The "three little crown things" separated by "25" are the barrel proof markings for an Enfield manufactured under commercial contract in Birmingham, England. The E.MARSON stamping, if it's on the bottom of the stock a couple of inches behind the trigger tang, is a stamp indicating the contractor/manufacturer who made the weapon.
"R" and "UR" may be the "VR" marking on the lockplate, typically stamped underneath a crown, standing for Victoria Regina. Most Birmingham guns had the year of manufacture stamped over the word “TOWER” on the lockplate, forward of the hammer. (For the trivia buffs, Enfields made at the Royal Small Arms Factory for British Army service were stamped with the year over “ENFIELD”, and the “TOWER” stamp on the lockplate indicates a commercially made contractor gun. British Army guns would also have the British Broad Arrow mark stamped forward of the TOWER stamp, but no exported Enfield (e.g., weapons bought by the Union or Confederate Army on the British arms market) had the Broad Arrow.)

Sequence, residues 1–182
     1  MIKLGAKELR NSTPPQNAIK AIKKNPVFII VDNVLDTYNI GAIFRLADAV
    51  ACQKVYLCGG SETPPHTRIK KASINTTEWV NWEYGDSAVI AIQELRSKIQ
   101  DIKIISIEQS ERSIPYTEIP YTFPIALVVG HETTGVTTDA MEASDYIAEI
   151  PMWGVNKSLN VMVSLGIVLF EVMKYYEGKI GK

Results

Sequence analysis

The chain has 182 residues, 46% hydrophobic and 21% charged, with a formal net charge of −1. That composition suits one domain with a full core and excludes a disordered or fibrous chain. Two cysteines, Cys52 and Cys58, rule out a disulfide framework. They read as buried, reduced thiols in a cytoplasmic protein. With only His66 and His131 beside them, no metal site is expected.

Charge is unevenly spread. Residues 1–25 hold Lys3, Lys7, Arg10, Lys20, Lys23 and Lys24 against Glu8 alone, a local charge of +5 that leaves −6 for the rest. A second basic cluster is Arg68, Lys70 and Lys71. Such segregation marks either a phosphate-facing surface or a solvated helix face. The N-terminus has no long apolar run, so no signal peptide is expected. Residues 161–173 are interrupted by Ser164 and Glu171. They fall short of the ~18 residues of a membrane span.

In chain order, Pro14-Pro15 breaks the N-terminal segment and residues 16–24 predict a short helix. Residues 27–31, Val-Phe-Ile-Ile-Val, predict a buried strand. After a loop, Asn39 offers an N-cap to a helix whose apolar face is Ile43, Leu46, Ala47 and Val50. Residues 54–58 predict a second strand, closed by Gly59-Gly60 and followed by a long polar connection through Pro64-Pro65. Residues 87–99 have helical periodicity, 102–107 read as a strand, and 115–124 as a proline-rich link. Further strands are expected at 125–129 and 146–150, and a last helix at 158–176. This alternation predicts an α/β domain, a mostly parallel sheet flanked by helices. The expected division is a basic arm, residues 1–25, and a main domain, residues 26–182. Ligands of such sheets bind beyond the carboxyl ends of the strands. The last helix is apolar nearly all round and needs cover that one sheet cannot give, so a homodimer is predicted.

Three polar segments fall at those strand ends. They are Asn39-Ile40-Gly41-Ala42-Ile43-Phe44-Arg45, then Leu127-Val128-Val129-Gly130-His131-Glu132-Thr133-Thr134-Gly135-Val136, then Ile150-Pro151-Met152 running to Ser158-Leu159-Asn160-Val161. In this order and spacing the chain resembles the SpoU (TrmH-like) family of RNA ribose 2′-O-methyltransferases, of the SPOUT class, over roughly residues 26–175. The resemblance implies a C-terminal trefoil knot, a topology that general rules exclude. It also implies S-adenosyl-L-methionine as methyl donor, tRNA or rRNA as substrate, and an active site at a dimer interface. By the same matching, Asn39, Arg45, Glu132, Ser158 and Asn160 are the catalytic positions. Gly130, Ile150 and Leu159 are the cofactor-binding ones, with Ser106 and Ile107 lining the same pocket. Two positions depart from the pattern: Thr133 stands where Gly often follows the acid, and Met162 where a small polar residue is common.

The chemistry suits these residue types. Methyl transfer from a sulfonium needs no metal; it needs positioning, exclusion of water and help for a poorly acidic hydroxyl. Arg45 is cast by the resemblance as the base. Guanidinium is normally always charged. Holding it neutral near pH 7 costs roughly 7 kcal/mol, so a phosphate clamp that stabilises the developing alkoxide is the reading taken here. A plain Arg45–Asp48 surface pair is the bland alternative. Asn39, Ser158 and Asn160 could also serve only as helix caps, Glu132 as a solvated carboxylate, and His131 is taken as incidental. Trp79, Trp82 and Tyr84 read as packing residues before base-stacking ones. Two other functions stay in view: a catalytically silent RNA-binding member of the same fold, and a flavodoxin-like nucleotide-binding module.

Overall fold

There may (or may not) be a maker's cartouche stamped on the left side of the butt which would help confirm this as a Birmingham-made weapon.
The most Plain, Everyday, and Common (PEC) Confederate Enfield was the Birmingham-made, 1862 TOWER musket, followed closely by Birmingham weapons stamped 1861 TOWER on the lockplate. LONDON-stamped Enfields (made by the London Armoury Co.) were plentiful, but were outnumbered 2 to 1 by Birmingham weapons, and only began to arrive in the Confederacy in 1863.